Dispute Between Mayo Clinic, SEIU Concerns Crucial Clause on Benefits Package
Utility worker Justin Yost, who participated in the strike and was in the picket line Wednesday, has has worked at the Mayo Clinic for more than 15 years.

Dispute Between Mayo Clinic, SEIU Concerns Crucial Clause on Benefits Package

The sticking point is whether Mayo would then gain the ability to make changes to the benefits packages unilaterally, be they additions or subtractions to the current plans.

The Mayo Clinic’s Albert Lea hospital locked out about 100 maintenance and utility workers Wednesday after they participated in a one day strike on Tuesday.

The workers, members of SEIU Healthcare Minnesota, will be able to return to their jobs on December 26, after temporary replacement workers complete a one week contract. The locked out workers picketed outside the clinic, singing songs and chanting, the latest development in an ongoing dispute over their benefits package ahead of crucial negotiations set to occur next week, on December 28.  

At stake is whether the Rochester-based organization, which employees approximately 1,000 people in Albert Lea and is the city’s biggest employer, will guarantee benefits under the terms of a new contract, or instead proceed with its plan to offer unionized employees the same benefits packages all other employees receive. The key sticking point: The proposed contract would give Mayo the ability to make changes to benefits unilaterally, be they additions or subtractions to the current plans. 

Mayo Clinic spokesperson Ginger Plumbo said the issue isn’t about money. 

“It's not a financial burden, it's an administrative burden… Any changes to the benefits, additions or withdrawals, would have to be negotiated with the union, and we have 64,000 employees across the country and we have numerous labor contracts, so we are looking at internal equity, fairness among coworkers and colleagues, who work alongside each other, and we know our benefits package is very generous so we want all employees to have equal access to that to be fair and consistent,” she said. 

Plumo said that Mayo has no plans to take away benefits from employees and, in fact, wants to make several improvements to their plans. But utility worker Justin Yost, 30, who participated in the strike and was in the picket line Wednesday, said he preferred having the benefits guaranteed in the contract.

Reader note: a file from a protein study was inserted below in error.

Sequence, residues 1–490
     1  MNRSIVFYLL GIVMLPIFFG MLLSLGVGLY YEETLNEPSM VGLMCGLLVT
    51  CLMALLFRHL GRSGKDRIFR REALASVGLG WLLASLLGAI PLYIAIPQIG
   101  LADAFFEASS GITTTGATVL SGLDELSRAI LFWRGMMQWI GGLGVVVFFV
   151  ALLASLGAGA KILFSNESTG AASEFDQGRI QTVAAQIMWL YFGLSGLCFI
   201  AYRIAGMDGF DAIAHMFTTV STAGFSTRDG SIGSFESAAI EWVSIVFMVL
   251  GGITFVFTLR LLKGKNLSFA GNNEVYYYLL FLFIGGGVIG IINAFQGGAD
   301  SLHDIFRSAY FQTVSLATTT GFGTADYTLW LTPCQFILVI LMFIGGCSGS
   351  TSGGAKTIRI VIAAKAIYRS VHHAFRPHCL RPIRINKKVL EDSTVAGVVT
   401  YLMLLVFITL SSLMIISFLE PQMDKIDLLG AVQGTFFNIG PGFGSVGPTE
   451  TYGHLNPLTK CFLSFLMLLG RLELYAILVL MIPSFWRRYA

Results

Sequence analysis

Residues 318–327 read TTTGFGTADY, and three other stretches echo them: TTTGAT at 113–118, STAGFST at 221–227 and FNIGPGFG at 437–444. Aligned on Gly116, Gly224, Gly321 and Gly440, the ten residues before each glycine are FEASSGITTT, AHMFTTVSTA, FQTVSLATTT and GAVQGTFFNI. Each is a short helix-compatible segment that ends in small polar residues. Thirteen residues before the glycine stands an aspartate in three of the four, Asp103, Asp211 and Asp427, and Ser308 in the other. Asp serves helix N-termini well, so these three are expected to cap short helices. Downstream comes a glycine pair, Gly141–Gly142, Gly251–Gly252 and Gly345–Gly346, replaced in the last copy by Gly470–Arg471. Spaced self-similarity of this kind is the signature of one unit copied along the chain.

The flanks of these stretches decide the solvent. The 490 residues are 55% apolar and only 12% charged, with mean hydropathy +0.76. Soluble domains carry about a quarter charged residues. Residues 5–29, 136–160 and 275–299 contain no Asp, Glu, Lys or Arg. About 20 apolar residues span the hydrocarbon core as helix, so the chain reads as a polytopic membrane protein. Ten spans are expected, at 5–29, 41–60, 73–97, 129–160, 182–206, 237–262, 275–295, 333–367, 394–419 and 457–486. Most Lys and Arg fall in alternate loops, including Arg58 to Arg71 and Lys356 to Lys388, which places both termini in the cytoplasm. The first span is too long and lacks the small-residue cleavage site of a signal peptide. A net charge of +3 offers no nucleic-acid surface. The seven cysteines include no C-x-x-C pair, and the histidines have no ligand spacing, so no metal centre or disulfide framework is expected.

“To me, why do you want to take that out? Is there a plan in place to get rid of it?” said Yost, who has worked at Mayo since he was 16. “If they do take my benefits away from me… I'd be looking for a different job. I think getting it in [the contract] and the sense of security of it, is important to me.”

The workers affected by the current dispute are either in the general contract, which expired in November of 2016, or the maintenance contract, which expired in October of 2015. The buildup to the strike has been contentious, with both sides filing complaints with the National Labor Review Board, and accusing the other of negotiating in bad faith. 

The union says that the ability the Mayo is seeking to make changes to benefits without negotiation, which the union calls a “bargaining waiver” and the company calls a “me too” clause (unrelated to the hashtag by the same name), haven’t been a part of their contracts for the last 40 years. Meanwhile, Plumbo, the Mayo spokesperson, said that all the other unions the clinic works with, such as the Teamsters, Steelworkers, or AFSCME, have agreed to some version of the clause. 

“Every single union contract has some version of the me-toos,” she wrote in an email. 

SEIU Healthcare Minnesota maintained that they are willing to negotiate a benefits package that would match up with the benefits other employees receive, but that they wouldn’t allow Mayo to make changes after the contract has been agreed upon by both sides.  

“This language would allow the hospital to make unilateral changes to our benefits and working conditions outside of our contract and without our consent—basically negating the point of having a contract in the first place,” said Sherri Wichman, a union member and sterile processing worker who has been with Mayo for 18 years.  “The hospital wants to take away our voice at the bargaining table, and we’re not going to stand for it.”

While other issues, like a subcontracting clause, are also in question, the benefits package and the “me too” clause will likely loom large over the negotiation table when the two sides meet three days after Christmas.